It took three seconds, and three glasses of red wine on an empty stomach, for me to write off the car.
I was just over the legal blood alcohol limit and felt slightly tipsy, but I was confident I would at least be able to drive down the freeway without any mishaps.
But an obvious, silly mistake - pulling out from the emergency lane on to the freeway without looking in my mirrors - and the simulator I was driving jolted me around and the computerised landscape in front of me flipped upside down.
Although I was in a simulator, I still got a huge shock and it occurred to me I would not have been so careless had I been sober.
It also occurred to me that had it been real life, I could have killed myself or someone else.
The SimTech machine, the only simulator of its kind in the southern hemisphere, involves a real car surrounded by a panoramic screen which changes from freeway driving to a gravel road scenario and a skills test.
During my first attempt, while sober, I was extremely cautious and moved through the witches hats in the skills test about 20km/h.
Second time around, after downing three standard drinks within half an hour, I was far more aggressive, knocking over four domes, forgetting to change gears and skidding out on the gravel.
Paul Starling from SimTech remained calm in the passenger seat, pointing out that I was going 120km/h along the freeway and reminding me to change gears.
I knew I had been slightly erratic but I was still shocked afterwards when Mr Starling pointed out that I had fluctuated between 80km/h and 120km/h on the freeway and had trouble staying within the lanes.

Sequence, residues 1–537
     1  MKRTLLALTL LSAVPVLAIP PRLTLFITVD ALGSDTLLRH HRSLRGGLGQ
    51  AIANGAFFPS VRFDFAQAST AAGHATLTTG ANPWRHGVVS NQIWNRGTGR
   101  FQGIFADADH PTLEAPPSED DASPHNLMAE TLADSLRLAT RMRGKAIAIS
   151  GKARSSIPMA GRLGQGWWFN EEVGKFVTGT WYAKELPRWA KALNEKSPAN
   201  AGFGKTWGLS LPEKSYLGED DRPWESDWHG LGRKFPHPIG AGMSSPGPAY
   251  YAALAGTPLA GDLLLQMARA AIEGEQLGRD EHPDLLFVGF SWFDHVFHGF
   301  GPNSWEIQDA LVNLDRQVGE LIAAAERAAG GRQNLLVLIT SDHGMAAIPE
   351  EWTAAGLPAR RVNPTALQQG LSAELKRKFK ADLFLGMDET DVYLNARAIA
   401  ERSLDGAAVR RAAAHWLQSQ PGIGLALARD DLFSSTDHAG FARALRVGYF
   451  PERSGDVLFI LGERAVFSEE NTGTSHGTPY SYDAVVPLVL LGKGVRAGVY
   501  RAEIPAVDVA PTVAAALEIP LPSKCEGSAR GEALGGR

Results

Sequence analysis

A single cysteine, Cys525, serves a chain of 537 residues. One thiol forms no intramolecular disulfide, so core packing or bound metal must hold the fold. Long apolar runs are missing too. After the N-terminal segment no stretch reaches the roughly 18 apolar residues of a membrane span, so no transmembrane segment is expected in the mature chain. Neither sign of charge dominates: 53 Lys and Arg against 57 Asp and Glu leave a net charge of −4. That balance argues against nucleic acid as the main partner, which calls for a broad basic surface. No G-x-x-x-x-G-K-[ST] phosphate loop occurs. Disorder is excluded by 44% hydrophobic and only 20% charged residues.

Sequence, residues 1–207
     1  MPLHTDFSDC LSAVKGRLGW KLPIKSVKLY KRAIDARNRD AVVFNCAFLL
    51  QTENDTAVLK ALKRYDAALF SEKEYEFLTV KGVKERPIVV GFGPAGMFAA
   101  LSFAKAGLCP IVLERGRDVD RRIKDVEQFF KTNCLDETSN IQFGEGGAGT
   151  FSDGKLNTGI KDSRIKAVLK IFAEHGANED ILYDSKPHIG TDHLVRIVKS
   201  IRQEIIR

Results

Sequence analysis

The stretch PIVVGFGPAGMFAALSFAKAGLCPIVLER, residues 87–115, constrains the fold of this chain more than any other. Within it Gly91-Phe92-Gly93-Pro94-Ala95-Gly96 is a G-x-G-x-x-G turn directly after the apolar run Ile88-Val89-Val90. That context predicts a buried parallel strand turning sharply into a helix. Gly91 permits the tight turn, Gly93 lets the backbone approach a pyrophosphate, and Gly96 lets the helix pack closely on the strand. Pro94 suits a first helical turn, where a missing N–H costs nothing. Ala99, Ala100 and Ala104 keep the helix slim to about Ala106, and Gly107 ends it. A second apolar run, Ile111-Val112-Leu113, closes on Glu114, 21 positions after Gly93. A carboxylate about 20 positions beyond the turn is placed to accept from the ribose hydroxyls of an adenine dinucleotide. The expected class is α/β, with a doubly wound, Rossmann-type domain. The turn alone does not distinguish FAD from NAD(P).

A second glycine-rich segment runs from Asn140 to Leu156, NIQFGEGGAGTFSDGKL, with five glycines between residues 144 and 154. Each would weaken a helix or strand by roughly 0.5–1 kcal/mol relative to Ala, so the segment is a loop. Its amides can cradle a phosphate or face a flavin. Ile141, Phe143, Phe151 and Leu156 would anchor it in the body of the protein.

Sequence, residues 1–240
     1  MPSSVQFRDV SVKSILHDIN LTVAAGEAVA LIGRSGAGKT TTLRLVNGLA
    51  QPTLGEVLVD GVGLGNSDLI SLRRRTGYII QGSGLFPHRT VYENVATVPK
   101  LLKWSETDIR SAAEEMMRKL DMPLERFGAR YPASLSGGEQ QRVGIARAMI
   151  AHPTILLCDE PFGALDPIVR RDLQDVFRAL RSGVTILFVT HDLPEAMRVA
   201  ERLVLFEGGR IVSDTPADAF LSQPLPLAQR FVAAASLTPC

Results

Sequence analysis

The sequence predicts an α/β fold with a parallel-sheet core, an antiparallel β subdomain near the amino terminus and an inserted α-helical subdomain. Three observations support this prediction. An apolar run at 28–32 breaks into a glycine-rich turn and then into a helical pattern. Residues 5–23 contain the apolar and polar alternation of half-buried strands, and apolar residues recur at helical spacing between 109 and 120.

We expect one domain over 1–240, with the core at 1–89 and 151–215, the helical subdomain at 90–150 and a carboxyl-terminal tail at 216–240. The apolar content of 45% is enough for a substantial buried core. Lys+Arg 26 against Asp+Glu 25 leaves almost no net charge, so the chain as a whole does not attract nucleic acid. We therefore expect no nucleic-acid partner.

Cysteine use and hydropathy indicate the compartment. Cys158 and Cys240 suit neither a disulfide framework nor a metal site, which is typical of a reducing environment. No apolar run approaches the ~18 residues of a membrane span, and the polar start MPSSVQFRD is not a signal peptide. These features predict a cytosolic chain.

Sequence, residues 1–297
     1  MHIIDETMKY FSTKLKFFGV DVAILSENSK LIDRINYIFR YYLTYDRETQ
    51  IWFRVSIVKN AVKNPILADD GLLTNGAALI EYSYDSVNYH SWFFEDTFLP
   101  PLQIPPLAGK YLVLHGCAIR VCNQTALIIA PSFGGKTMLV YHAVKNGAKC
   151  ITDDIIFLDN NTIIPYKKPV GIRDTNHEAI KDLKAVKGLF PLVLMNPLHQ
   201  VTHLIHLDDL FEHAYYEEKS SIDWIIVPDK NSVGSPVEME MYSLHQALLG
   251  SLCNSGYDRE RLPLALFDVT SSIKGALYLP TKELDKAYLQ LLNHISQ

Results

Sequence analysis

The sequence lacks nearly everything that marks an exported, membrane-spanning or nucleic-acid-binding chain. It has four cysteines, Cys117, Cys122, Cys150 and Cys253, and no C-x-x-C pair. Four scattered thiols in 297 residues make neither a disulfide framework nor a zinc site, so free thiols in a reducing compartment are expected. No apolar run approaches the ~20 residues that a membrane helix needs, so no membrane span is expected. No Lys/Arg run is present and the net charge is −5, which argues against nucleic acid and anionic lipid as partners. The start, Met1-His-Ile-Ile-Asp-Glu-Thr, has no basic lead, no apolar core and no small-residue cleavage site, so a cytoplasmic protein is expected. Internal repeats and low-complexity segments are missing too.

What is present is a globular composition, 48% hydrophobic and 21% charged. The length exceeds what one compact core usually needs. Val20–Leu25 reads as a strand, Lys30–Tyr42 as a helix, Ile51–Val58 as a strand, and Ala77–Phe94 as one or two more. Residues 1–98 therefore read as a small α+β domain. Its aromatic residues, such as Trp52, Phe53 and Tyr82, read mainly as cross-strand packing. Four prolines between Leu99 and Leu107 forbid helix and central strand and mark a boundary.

After another two drinks, I blew a reading that would have seen me lose my licence automatically for six months and receive a hefty fine.
I got behind the wheel again and despite concentrating to the best of my ability, I couldn't stop from drifting to the right and after a couple of minutes I was hit by another car after unwittingly crossing lanes.
I would not consider myself a "lightweight". I'm partial to a couple of glasses of wine with dinner during the week and enjoy more than that on weekends.
But this experiment taught me I'm not as resilient to the effects of alcohol as I thought.
I initially found myself making excuses for my poor performance, blaming the strange environment of being in a simulator, the fact it wasn't a "real car" and the fact I wasn't used to driving a manual. But the truth was, alcohol had impaired my judgment and my ability.
The biggest lesson I learnt was about portion sizes - my interpretation of a "standard drink" is far different to the reality (100ml of wine), meaning that when I think I'm having one drink at the pub, I'm probably having one and a half - or more.
From now on, to be safe, I will be leaving my car at home.